One fateful meeting occurred in 1966, at the Plaza hotel in New York, with Tree done up for Capote’s history-making fete in trailing strips of black silk over nothing but a pair of scandalously sheer tights. Vreeland, then the editor in chief of Vogue, called her the next day and soon Tree was posing for every big name of the moment. A year and a half later, she and Bailey had fallen in love, and Tree, 18 to his 30, followed him back to England. Perhaps predictably, it was not a happily-ever-after situation. Tree developed a skin condition, which left scars that ended her modeling career, and Bailey wasn’t exactly monogamous. “I appeared sophisticated, but I really wasn’t,” says Tree of that time. “Emotionally, I was probably even younger than my age.” As the relationship collapsed, so did Tree. She was arrested for cocaine possession in 1972 and, after breaking things off with Bailey, moved to Sydney a couple of years later.
Given all the tumult, it’s not surprising that Tree had very little interest in stepping back into the spotlight for decades. She pulled herself together, raised her children—Paloma Fataar, 39, and Michael MacFarlane, 30—and found peace in the study of Buddhism. Through one of her spiritual teachers she became deeply involved with Lotus Outreach, a charity that provides education to Indian and Cambodian girls at risk of falling victim to sex trafficking.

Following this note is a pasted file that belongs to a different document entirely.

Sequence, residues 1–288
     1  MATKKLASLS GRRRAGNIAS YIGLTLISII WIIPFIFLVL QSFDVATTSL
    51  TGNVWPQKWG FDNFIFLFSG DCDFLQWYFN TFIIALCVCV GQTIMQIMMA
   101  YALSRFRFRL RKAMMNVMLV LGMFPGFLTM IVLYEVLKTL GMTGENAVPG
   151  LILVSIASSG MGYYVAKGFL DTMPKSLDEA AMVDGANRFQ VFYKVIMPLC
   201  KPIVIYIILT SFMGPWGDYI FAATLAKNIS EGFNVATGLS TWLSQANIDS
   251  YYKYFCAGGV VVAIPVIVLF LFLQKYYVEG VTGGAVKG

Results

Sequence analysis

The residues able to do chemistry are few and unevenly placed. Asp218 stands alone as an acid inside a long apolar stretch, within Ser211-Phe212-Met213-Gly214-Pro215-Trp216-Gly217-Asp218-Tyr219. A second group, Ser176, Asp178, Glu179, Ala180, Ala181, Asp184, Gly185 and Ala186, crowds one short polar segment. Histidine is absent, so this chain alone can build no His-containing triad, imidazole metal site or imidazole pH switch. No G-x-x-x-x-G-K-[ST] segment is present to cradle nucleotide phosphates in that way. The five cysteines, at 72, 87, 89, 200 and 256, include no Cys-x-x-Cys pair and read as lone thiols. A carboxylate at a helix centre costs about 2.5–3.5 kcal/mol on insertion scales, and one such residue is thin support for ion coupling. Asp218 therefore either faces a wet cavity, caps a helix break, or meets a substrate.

But despite the way her modeling career ended, Tree says that she wouldn’t trade those years in front of the camera for anything. “It is very tough at that age to have so much attention on your appearance,” she says. “It’s better instead to develop in all kinds of ways, and I think modeling possibly stops that development, or is not particularly helpful to the emerging personality. But none of it do I regret for a second. All the traveling, and the extraordinary people I met along the way…I’m so glad that I had the experience—even if there were a lot of stumbling blocks and it took a long time to work out.” And while her current life in the English countryside rarely calls for couture—she says she lives in jeans—her fascination with fashion has never wavered. “I’ve loved clothes as far back as I can remember, and I still do,” she says. “I liked my mother’s clothes, and it was the one area where we got along.” In recent years, she’s even done a bit of modeling, appearing in campaigns for Burberry, in 2006, and Barneys New York, six years later.
Still, it was with no small amount of trepidation that Tree agreed to pose for Walker, especially, she says, when she realized—only once she’d arrived on set—that the images they were creating were an homage to iconic shots she did half a century ago with Avedon and Bailey. “Tim didn’t really tell me what he was planning; I just thought I was going to do some fashion shots,” she says. “I had no idea until I saw these pictures on the wall of me 52 years ago, or whatever, and I wanted to run immediately! There is nothing more scary than thinking that you’re in competition with your 18-year-old self. And I haven’t had any reconstruction!”
Happily for everyone involved, she was too polite to flee—“Everyone was there bushy-tailed and waiting to go, and I thought, Oh god, I don’t think I can get out of this,” Tree says with a laugh—and the results, of course, speak for themselves. “The fashion industry is perpetually interested in youth, and that’s a mistake,” says Walker, who persuaded Tree to work with him at David Bailey’s 80th birthday party last year. “Penelope is so major and amazing and still so beautiful. These photos are a big up to the beauty of age.”